“The questions that we have are where are the assets?” Ray said. “How do we locate the assets? It’s a mining exercise at this point. At the end of the day, we’re not going to be able to recover all the losses here. Money was spent that we’ll never get back.” 

The company has recovered more than $1 billion in assets and moved them to cold wallets, he said. 

“This company was uniquely positioned to fail. The lack of discipline on control of the wallets, their storage, the storage of passwords, allowing multiple users to set up accounts almost created an environment where there wasn’t a complete inventory of wallets,” he said. “You can learn lessons from that. You need to have more controls, more discipline, more centralized accounting functions, more oversight and management.”

Rep. Brad Sherman, D-Calif., a critic of cryptocurrency, seized on the collapse as an opportunity to urge colleagues to abandon legislation favored by Bankman-Fried. The disgraced CEO supported designating the CFTC as the primary regulator of cryptocurrency spot markets. 

“Now Sam Bankman-Fried — or should I say in inmate 14-372 — had one purpose in all his efforts here in Congress. He was a well-known figure, the only one wearing shorts. His one purpose was to keep the SEC out of crypto to provide a patina of regulation, baby regulation from the CFTC,” Sherman said. “I have one comment for my colleagues: Don’t trash Sam Bankman-Fried and then pass his bill.”

Bankman-Fried supported a bill introduced by Senate Agriculture Chairwoman Debbie Stabenow, D-Mich., and co-sponsored by ranking member John Boozman, R-Ark., that would allow the CFTC oversight of spot markets for cryptocurrencies deemed commodities, including bitcoin and ether. The legislation’s sponsors have rejected the characterization of it as Bankman-Fried’s bill. 

“My fear is that we will view Sam Bankman-Fried as just one big snake in a crypto Garden of Eden and the fact is, crypto is a garden of snakes,” Sherman said.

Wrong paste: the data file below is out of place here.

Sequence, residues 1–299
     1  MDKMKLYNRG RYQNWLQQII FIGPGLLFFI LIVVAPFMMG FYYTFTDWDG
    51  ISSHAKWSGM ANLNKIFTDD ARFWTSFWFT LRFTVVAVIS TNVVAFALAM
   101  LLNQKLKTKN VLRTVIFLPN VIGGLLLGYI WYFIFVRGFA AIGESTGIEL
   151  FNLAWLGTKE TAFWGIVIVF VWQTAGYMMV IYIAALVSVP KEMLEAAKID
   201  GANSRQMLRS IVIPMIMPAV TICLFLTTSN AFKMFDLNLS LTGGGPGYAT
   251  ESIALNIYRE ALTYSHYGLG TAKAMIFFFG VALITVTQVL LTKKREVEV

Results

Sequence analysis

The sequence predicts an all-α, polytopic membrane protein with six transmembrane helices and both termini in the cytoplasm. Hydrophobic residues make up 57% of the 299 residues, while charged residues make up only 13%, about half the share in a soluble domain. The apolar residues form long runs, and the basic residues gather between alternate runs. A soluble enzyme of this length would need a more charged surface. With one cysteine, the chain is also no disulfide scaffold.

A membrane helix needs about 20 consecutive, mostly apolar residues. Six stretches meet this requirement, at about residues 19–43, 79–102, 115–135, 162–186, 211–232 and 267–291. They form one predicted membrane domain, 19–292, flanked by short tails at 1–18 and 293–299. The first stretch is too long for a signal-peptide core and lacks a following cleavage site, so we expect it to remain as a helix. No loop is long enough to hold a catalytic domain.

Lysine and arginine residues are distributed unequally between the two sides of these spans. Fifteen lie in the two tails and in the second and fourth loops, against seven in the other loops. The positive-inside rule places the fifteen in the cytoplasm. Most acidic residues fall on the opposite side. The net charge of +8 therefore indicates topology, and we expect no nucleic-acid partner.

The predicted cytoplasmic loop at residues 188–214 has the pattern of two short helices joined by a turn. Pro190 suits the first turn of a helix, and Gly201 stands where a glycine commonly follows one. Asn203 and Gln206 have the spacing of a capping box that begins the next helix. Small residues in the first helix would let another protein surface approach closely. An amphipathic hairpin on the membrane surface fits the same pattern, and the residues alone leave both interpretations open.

Republicans and some Democrats sought to place blame on the SEC for missing the signs of FTX’s alleged fraud. The trading platform largely operated outside of the country, but raised $1.1 billion from U.S. investors, according to charges filed by the SEC.  

“We know SEC Chair [Gary] Gensler’s regulation-by-enforcement-only approach is not going to stop bad actors,” Rep. Patrick T. McHenry, R-N.C., said. “Next year, I look forward to hearing from Mr. Gensler early and often on how we can provide clarity on the application of our securities laws to trading platforms — which he has failed to do.”

McHenry, the committee’s ranking member, is expected to take over as chairman next Congress. The committee will work toward a “legislative outcome” to prevent another FTX collapse, he said. 

Rep. Josh Gottheimer, D-N.J., also blamed the SEC. 

“SEC Chairman Gensler has repeatedly claimed that most cryptocurrencies are covered by existing securities. Despite that, the SEC has not proposed a single rule to create guardrails for digital assets and has done a haphazard job of overseeing the space,” he said. “They failed to do their job and failed to protect consumers. It’s time for the SEC to step up and do its job or another regulator should take the lead.”